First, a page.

Limerick – The limerick, which gets its name from a town in Ireland, is a five-line joke of a poem.
The standard form of a limerick is a stanza of five lines, with the first, second and fifth having eight or nine syllables and rhyming with one another, and the third and fourth having five or six and rhyming separately. Lines are usually written in the anapaestic meter, but can also be amphibrachic.
The first line traditionally introduces a person and a place, with the place appearing at the end of the first line and establishing the rhyme scheme for the second and fifth lines. In early limericks, the last line was often essentially a repeat of the first line, although this is no longer customary.
Shadorma – The Shadorma originated in Spain and is made up of a stanza of six lines with no set rhyme scheme. It is a syllabic poem with meter of 3/5/3/3/7/5. It can have many stanzas, as long as each follows the meter.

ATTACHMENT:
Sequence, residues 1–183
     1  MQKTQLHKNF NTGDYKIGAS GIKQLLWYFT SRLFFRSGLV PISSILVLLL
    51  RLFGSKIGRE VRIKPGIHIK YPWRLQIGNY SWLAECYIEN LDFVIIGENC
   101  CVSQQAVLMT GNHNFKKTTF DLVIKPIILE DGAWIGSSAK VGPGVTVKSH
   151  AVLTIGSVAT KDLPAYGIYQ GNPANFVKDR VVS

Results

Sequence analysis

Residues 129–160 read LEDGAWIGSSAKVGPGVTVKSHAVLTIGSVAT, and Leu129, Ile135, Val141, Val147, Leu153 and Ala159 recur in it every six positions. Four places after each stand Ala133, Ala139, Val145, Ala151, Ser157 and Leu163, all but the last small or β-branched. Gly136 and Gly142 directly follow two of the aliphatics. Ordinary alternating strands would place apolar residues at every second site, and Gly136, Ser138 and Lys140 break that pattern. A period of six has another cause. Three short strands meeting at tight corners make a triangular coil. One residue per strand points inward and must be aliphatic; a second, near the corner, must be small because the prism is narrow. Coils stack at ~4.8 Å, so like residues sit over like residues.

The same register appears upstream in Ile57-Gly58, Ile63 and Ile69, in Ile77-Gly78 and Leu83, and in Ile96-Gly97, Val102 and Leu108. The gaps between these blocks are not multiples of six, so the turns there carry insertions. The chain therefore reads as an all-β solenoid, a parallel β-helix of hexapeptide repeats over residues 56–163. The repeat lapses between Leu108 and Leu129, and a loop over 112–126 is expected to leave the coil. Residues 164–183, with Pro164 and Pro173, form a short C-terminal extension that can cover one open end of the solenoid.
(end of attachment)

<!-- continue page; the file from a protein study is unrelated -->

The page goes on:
Triolet – The triolet is a very brief, tightly rhymed poem that takes part of its structure from the repetition of entire lines. The triolet is composed in eight lines.
1st – line A
2nd – line B
3rd – line a (rhymes with A)
4th – line A (entire first line repeated)
5th – line a (rhymes with A)
6th – line b (rhymes with B)
7th – line A (entire 1st line repeated)
8th – line B (entire 2nd line repeated)
Ways to Cultivate Receptivity for Poetry
*Photocopy your favorite poem (your own or someone else's) and mail it to all your favorite people.
*Do a guerilla poetry blitz. Create a zine of your poems and make a hundred copies. Be sure to include your e-mail address so people can share their delight with you when they find it. Leave them in cafes, libraries, bookstores, and other public places where they are likely to be found, read and enjoyed.
*Sign up to receive a daily poem by e-mail from the Writer's Almanac with Garrison Keillor. It's free, easy and it is delightful to have poems chosen for you and delivered like a little gift every day.